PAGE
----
Sick of getting a new flu vaccine every time the winter rolls around? A new study has revealed some crucial information that could lead to a future universal vaccine for influenza. Researchers at McMaster University previously identified a class of antibodies capable of neutralizing dangerous strains of the virus, and have now found that certain antibodies recruit helpful white blood cells, while others block the cells, and where they bind on the virus makes all the difference, a news release from the university stated.

"Our findings show that just having antibodies isn't enough. You have to have antibodies that bind to very specific places on the virus," said Matthew Miller, the senior author of the study, in the statement. "Now that we know the places where antibodies have to bind, we can modify our vaccines so that we generate those antibodies in higher numbers."

Universal flu vaccines, unlike their seasonal counterparts, actually recruit white blood cells to destroy infected cells — while also generating antibodies that prevent the virus from infecting cells. Miller and his team have learned that certain antibodies help recruit white blood cells, but others also have the potential to block their recruitment.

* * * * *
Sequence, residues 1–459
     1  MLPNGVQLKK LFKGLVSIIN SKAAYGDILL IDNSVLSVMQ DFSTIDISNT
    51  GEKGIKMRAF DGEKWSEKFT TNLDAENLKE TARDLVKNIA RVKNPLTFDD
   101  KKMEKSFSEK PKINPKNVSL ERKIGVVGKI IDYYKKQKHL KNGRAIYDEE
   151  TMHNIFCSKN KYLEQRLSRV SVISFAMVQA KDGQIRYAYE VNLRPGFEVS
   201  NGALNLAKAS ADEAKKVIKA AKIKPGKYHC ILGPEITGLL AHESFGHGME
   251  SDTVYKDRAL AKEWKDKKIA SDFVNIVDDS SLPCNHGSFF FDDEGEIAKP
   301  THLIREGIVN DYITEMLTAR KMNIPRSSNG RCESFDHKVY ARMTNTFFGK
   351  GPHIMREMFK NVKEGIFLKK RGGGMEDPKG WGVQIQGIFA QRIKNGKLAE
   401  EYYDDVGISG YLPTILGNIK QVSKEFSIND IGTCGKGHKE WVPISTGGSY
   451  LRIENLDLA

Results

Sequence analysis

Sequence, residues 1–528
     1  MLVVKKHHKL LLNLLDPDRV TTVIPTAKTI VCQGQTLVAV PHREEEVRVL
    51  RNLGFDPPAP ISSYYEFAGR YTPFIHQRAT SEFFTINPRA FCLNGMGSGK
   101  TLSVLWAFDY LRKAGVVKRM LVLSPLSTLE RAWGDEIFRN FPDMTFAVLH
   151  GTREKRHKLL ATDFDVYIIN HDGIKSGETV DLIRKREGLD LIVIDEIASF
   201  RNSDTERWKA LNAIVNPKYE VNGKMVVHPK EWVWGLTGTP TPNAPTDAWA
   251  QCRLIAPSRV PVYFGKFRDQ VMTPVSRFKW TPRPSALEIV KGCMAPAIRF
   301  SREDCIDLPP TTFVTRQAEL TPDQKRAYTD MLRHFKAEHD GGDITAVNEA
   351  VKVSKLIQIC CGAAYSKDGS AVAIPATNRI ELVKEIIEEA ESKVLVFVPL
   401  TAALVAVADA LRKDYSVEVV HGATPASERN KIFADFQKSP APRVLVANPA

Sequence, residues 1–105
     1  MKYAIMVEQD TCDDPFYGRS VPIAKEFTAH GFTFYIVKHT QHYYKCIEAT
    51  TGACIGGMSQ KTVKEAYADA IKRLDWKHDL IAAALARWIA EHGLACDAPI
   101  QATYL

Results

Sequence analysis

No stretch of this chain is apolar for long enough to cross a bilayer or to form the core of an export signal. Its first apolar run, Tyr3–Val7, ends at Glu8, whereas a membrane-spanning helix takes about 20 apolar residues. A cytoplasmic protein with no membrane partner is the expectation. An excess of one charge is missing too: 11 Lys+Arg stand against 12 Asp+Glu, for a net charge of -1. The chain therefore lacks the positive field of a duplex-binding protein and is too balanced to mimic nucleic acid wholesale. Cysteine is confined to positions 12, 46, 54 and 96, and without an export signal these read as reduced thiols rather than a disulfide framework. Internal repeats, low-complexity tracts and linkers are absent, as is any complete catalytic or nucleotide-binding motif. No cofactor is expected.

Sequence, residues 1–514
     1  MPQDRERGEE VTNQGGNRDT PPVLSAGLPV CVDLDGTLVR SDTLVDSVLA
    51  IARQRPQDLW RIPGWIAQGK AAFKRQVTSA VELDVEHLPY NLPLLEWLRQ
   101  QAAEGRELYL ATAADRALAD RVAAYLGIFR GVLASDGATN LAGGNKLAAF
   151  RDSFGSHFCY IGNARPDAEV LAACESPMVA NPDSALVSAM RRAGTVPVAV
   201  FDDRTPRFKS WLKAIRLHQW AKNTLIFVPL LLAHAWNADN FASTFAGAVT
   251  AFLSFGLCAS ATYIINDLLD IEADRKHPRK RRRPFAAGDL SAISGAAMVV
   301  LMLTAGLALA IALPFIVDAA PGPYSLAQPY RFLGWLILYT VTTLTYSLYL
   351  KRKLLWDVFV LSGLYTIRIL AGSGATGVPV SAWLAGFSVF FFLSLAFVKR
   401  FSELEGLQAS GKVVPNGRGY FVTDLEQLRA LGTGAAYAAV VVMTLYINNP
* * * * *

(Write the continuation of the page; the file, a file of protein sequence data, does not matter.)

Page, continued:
"Using this knowledge, what we can now do is specifically design our universal vaccine to generate the most desirable types of antibodies and avoid antibodies that block the functions that we want," said Miller in the release. "In doing so, we can make sure that the vaccine will work in the most effective way possible."

The World Health Organization estimates that annual flu epidemics can cause up to half a million deaths globally. An influenza vaccine is considered the best way to reduce your chances of getting the bug. The Centers for Disease Control and Prevention recommends that everyone 6 months of age and older receive one every year because the virus and vaccines vary from season to season, so last year's vaccine won't protect you.

Earlier this week, another study was published revealing that an international team of researchers has designed two universal influenza vaccines. One is United States-specific and covers 95 percent of influenza strains in the 50 states, and the second is a universal vaccine that covers 88 percent of known flu strains globally. They are now looking for pharmaceutical partners to synthesize their vaccine for a laboratory test, according to a news release.

Source: Leon PE, He W, Mullarkey CE, Bailey MJ, Miller MS, Krammer F, et al. Optimal Activation Of Fc-Mediated Effector Functions By Influenza Virus Hemagglutinin Antibodies Requires Two Points Of Contact. Proceedings of the National Academy of Sciences. 2016.

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